I don’t think I have ever met an African woman who integrates science in international affairs to help strengthen the science sectors in Africa in order to inspire innovation and collaboration. Before the STEAM camp in Rwanda, which I took part in during my summer break, I had not even met a woman focusing on both international affairs and engineering. Not to mention ensuring that girls all over the world – have access to STEAM opportunities and women mentors in those fields.
When we arrived at Gashora Academy, the beauty and dedication to service of the country shot right through me. I remember we arrived on a hot Wednesday – I later learnt that the warm temperatures were a daily occurrence in Rwanda. Making our way on the roads, I noticed that the roads were blocked to allow citizens the opportunity to serve their community. I didn’t understand what that meant until my counsellor told me that occupants of a community helped each other, by cleaning the streets, helping other homes etc. I wondered what made Rwandans carryout this task every month, because I knew that it wouldn’t work back home in South Africa. I guess it’s understandable when the country in question is dependent on agriculture, with a number of families being supported by on subsistence farming.
There were so many aspects of the camp that I enjoyed immensely. One example: coding. I’ve always loved coding, and having other girls meet the challenges of logarithms and flow diagrams with me, made everything exciting and certainly assured that it was ‘something a girl can do.’ I made friends in the small classes we had with Intel volunteers, Wisci mentors and girls from 9 different countries. Building electronic cars that we controlled through C++ and reinforcing our Galileo boards with sensors to improve robot intelligence.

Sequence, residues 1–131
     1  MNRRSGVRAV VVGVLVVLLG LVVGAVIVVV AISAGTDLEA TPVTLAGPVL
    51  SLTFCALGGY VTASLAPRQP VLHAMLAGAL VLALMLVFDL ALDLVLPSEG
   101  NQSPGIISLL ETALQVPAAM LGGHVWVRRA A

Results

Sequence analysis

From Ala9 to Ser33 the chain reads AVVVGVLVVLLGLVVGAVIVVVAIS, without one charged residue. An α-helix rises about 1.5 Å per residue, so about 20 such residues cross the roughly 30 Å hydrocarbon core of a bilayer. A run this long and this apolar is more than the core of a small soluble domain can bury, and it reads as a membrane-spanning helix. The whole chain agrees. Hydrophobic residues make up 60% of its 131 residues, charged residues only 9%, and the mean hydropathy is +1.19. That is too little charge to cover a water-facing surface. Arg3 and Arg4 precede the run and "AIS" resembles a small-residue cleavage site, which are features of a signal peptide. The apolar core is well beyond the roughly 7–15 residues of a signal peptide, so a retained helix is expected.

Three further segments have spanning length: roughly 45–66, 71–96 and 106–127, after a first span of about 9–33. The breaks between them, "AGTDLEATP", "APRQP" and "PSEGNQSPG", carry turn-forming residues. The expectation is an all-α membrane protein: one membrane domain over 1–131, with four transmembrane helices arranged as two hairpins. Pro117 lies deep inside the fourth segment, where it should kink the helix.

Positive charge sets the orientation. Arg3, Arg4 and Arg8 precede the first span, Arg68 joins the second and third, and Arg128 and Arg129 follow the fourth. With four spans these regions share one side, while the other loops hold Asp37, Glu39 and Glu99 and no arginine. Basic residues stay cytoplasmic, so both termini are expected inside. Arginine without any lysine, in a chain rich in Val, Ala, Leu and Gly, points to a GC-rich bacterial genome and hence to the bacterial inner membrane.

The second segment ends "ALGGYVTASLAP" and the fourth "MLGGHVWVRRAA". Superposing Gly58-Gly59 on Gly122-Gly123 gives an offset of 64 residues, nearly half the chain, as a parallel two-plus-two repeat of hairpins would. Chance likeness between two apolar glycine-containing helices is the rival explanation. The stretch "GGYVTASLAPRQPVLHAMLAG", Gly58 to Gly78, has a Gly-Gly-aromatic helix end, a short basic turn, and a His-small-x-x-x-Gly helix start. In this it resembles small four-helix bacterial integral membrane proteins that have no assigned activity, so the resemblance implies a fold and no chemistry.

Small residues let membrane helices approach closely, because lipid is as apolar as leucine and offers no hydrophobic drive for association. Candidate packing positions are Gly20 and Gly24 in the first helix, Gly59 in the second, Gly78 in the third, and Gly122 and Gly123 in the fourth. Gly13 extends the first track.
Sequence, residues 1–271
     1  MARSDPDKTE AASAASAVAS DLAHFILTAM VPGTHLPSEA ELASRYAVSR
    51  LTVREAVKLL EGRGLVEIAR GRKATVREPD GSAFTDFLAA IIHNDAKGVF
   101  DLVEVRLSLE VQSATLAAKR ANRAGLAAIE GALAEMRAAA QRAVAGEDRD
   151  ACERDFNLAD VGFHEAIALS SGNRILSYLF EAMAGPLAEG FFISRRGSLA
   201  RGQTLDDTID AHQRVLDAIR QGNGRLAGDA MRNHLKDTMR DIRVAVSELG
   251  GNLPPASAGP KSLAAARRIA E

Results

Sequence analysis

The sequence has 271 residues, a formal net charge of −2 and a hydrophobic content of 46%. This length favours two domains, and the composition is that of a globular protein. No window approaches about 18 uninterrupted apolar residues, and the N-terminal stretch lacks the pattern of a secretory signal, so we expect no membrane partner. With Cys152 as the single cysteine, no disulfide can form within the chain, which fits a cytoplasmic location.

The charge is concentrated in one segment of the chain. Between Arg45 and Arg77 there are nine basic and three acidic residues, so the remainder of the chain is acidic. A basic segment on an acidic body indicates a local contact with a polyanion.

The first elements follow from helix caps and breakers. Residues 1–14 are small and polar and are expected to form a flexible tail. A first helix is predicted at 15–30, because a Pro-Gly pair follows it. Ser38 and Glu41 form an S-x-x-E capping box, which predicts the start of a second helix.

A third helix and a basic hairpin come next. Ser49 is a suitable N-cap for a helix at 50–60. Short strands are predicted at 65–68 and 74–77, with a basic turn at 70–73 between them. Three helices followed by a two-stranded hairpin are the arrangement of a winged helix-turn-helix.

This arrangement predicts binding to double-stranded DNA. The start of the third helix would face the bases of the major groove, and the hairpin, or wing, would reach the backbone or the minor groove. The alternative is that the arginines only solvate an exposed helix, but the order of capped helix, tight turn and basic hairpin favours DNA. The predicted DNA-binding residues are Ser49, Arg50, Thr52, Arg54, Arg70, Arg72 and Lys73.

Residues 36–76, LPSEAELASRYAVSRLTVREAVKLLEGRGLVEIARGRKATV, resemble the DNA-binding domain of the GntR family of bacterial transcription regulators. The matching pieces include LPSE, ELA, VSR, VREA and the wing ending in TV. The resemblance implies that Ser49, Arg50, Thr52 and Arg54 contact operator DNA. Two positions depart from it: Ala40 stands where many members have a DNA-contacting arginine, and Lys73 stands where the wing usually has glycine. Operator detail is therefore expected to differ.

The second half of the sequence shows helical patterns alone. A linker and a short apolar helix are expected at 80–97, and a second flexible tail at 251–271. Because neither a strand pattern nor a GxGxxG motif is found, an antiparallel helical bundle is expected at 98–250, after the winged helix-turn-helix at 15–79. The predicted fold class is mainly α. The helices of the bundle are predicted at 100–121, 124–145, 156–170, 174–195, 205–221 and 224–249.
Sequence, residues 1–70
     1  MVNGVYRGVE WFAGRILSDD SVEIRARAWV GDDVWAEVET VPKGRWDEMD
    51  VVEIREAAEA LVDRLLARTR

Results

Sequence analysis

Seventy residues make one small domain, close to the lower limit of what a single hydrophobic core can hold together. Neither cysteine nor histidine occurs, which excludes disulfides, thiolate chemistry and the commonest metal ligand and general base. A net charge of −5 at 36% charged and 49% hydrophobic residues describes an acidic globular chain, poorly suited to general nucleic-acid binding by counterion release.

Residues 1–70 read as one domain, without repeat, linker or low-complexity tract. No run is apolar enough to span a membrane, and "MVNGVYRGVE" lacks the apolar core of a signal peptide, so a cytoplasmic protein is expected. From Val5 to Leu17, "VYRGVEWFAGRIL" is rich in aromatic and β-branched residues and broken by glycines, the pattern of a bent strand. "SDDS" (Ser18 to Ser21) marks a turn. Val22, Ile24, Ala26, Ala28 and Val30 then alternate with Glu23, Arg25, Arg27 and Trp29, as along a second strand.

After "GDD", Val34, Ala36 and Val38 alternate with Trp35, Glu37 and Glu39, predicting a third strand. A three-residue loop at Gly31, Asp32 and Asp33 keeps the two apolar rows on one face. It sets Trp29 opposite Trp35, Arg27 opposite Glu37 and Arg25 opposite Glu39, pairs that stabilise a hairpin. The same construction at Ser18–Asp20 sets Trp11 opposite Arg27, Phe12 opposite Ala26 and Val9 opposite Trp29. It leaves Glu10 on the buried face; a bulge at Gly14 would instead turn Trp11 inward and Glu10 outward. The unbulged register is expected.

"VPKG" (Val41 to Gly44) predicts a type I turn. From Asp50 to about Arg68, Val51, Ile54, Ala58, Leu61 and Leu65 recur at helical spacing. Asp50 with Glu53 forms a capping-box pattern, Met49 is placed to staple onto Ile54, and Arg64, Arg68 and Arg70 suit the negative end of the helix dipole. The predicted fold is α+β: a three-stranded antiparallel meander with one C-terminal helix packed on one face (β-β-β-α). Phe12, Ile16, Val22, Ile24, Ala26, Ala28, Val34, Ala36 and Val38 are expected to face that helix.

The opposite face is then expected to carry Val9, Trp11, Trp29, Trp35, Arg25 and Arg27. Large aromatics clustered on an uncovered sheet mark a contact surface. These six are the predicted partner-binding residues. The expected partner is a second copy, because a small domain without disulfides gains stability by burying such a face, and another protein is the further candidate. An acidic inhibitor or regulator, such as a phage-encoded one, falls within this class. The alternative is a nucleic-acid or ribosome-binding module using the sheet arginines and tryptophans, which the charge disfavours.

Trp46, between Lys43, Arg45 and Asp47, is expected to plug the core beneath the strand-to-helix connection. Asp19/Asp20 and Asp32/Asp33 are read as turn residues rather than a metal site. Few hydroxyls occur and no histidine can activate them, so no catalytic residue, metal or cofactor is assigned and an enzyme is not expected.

We were eventually involved in a final project fair with students from different countries to help solve a social issue in a specific country by creating social businesses. The more I met women who are engineers, programmers, university post graduates in computer engineering, and engaged in conversations with these women (who own companies in the technology sector, who are involved in international affairs with a science background, who empower other young girls around the world to reach their full potential), I felt tremendously empowered. Unfortunately, as young scientists who are interested in pursuing a career in STEM – we don’t bear witness to this every day, nor do we see this on television.
We also took a trip to the Genocide Memorial site which I vividly recall. Whilst enjoying the delicious plantain wedges, papaya, the ginger and chai tea that warmed my heart, I learnt a lot about the genocide in Rwanda that ended around the same as Apartheid. It was great learning how far the county has come. It is amazing how the government in Rwanda is mostly run by extraordinary women who ensure that girls in Rwanda, lead the change and help propel their country forward.
I’m thankful to GirlUp, Intel, Microsoft, ALA, and many other partners that enabled me to take part in this initiative.
About the author: Sisipho Zinja is a young leader, in the Class of 2014 from Cape Town, South Africa. You can read her profile here.